Tuesday, October 23, 2012

Honoring wives and mothers


The primary objection to your argument was and is that you haven't demonstrated that it qualifies as a legitimate case for application of a fortiori. Once I raise the objection, the burden falls on you to demonstrate that it qualifies, not on me to somehow prove that it does not.

Actually, that’s wrong. The mere fact that somebody raises an objection doesn’t ipso facto shift the burden of proof. For his objection may be unfounded. Merely raising an objection doesn’t automatically create a prima facie presumption in favor of the objection. People often raise unreasonable objections to reasonable positions.

It’s not enough to raise an objection. Anyone can object to anything. The disputant continues to shoulder his own burden of proof. He needs to give his opponent a reason for thinking the objection raises a legitimate issue.

Take the case of false accusations. If someone accuses me of doing something I didn’t do, the mere allegation of wrongdoing doesn’t suddenly shift the burden of proof onto the accused. Rather, the initial onus lies on the accuser to present some plausible evidence to support his allegation. Only in that event does the burden of proof shift to the accused.

Likewise, when Christians say God is necessary to ground objective moral norms, many atheist quote “offensive” passages from the OT to disprove the claim. But the mere fact that they find those passages morally offensive doesn’t shift the burden of proof onto the Christian. The onus lies on them to show why the offending passages are, indeed, reprehensible–especially on atheistic assumptions.

Every argument has to start somewhere. Every argument has to take something for granted.

For instance, TFan said:

What makes you think that a wife has greater rights than a slave?

The argument was premised on the idea that slave is the lesser to wife being the greater. But that is not a premise I’m willing to accept without some reason.

I suspect most conservative Christians would find it off-the-wall to even think we need to argue that a wife has (or ought to have) a higher social standing that a slave.

Now, that doesn’t make it right, but it’s not as if my starting point is obviously unreasonable or dubious.

That said, it’s often useful to assume the burden of proof, even if that’s not incumbent on you to do so. For even if an objection is unfounded, it is often useful to demonstrate the groundless nature of the objection. But that’s not a given.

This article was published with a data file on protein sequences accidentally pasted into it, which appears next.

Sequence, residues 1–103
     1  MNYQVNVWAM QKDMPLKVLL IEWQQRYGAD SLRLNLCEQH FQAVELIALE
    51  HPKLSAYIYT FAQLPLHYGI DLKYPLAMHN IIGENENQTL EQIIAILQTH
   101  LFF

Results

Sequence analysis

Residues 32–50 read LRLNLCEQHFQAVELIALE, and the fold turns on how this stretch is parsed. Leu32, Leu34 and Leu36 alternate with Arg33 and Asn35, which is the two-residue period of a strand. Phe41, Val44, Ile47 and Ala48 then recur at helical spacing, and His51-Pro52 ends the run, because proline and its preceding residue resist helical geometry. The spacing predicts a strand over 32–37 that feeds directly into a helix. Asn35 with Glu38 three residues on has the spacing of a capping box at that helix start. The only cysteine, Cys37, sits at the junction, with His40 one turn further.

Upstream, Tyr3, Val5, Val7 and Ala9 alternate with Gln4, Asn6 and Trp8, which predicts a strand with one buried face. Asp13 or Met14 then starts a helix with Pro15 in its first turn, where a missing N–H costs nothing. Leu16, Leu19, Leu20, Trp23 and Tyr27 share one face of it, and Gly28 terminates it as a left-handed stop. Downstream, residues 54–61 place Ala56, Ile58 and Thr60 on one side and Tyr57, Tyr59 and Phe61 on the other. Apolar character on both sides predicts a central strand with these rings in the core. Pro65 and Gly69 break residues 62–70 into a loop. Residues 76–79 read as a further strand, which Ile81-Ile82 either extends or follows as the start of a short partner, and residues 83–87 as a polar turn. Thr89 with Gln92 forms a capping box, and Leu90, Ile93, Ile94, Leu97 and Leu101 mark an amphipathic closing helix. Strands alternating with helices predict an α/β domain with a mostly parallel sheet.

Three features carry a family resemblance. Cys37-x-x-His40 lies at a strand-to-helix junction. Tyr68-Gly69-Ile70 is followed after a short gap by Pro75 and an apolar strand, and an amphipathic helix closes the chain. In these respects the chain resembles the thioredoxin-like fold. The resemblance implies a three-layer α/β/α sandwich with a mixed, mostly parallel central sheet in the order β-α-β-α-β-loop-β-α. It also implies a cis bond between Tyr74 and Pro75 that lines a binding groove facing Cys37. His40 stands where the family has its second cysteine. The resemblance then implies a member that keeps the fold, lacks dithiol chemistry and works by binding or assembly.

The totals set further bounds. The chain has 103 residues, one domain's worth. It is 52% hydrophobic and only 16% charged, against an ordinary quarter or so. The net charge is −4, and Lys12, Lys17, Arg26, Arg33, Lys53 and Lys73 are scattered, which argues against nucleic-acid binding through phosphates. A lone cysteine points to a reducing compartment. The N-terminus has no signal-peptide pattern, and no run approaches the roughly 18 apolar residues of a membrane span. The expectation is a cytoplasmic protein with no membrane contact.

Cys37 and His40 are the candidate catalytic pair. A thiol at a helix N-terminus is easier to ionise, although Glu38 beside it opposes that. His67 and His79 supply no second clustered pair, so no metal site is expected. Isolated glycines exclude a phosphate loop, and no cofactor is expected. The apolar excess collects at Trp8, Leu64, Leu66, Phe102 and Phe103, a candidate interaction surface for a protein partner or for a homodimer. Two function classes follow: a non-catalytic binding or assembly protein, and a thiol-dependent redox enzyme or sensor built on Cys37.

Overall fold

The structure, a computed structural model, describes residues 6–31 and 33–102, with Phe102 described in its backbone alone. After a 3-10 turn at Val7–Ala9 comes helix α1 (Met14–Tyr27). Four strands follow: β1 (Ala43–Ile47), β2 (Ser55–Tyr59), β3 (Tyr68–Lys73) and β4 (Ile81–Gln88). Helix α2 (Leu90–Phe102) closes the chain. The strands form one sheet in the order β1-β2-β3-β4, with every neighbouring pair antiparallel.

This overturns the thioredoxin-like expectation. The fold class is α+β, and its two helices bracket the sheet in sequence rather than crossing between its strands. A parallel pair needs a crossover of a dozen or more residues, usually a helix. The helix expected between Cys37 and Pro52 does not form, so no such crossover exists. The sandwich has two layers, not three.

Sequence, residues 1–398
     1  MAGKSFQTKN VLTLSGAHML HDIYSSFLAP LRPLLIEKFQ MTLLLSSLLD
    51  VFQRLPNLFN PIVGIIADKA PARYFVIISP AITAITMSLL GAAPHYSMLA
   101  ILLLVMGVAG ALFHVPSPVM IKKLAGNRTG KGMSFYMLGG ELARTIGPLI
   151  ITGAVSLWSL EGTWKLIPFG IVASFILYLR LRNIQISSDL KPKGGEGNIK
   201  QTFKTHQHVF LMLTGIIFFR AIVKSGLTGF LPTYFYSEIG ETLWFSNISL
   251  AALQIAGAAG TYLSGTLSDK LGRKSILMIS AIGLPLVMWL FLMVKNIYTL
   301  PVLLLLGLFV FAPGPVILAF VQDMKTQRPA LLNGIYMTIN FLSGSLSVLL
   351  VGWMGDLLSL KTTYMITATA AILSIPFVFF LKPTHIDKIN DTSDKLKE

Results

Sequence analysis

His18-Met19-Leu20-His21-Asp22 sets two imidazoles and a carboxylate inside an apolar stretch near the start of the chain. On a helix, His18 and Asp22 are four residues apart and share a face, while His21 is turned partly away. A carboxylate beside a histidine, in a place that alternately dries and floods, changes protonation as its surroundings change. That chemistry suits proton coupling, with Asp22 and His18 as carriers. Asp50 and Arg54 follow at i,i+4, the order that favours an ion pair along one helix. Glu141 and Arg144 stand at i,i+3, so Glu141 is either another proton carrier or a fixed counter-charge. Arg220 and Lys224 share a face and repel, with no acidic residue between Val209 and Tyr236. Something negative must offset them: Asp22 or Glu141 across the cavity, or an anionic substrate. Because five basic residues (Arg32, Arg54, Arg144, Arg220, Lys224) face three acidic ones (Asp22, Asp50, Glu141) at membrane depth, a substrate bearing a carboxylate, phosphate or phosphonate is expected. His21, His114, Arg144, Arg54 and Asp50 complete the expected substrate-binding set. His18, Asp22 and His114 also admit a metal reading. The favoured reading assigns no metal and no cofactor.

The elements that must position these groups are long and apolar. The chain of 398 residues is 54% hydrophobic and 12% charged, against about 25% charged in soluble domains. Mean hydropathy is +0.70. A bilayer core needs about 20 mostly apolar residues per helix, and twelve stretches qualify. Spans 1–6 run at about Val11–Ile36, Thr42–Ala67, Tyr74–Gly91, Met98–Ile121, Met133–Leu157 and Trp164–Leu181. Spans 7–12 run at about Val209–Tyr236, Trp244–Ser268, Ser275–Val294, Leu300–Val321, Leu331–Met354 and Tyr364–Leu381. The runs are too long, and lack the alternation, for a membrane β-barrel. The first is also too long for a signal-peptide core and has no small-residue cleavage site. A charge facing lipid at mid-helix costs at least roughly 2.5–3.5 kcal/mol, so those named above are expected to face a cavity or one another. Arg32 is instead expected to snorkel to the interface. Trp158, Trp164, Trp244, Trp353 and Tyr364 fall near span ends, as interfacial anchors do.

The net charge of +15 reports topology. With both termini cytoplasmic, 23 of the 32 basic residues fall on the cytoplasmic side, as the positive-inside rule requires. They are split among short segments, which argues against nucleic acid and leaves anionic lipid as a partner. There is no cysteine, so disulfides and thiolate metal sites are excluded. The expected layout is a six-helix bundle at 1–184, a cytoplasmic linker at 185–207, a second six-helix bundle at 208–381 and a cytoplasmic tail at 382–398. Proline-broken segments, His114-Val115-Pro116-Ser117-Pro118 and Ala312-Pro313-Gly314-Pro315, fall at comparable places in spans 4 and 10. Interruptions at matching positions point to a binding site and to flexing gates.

The illustration is just an illustration to help you see why your argument is not buttressed simply by identifying any way in which A is greater than B. You need more than that.

The objection could be briefly expressed this way: the argument you are using requires comparing two things that lie at different points on a single spectrum, with the second thing on the same side but farther from the dividing line that divides the spectrum; however, you haven’t established either that the two things are on the same spectrum or that the second thing is farther away from the dividing line that divides the spectrum.

That objection is unresponsive to some of the things I’ve already said. In this very thread (as well as follow-up post), I dealt some those objections when I said:

i) TFan hasn’t shown how marital obligations are different in kind from slavish obligations.

ii) Even assuming that they are different in kind, TFan hasn't shown how that's relevant to the comparison.

iii) Two things can be similar or identical at a higher level of generality, but dissimilar at a lower level of generality. TFan needs to show why specific differences vitiate the comparison. He needs to demonstrate that my comparison operates at the wrong level of abstraction.

iv) I wonder how his objections would cut against a fortiori arguments in Scripture, viz. Lk 13:15-16; 1 Cor 9:9-10. Are these the same kinds of things? They are clearly different in kind in some respects.

v) Now you seem to be saying the obligations could be comparable at a legal level, but not at a moral level. Legally of a kind, not morally of a kind. Yet you also say the two different kinds are “interrelated.”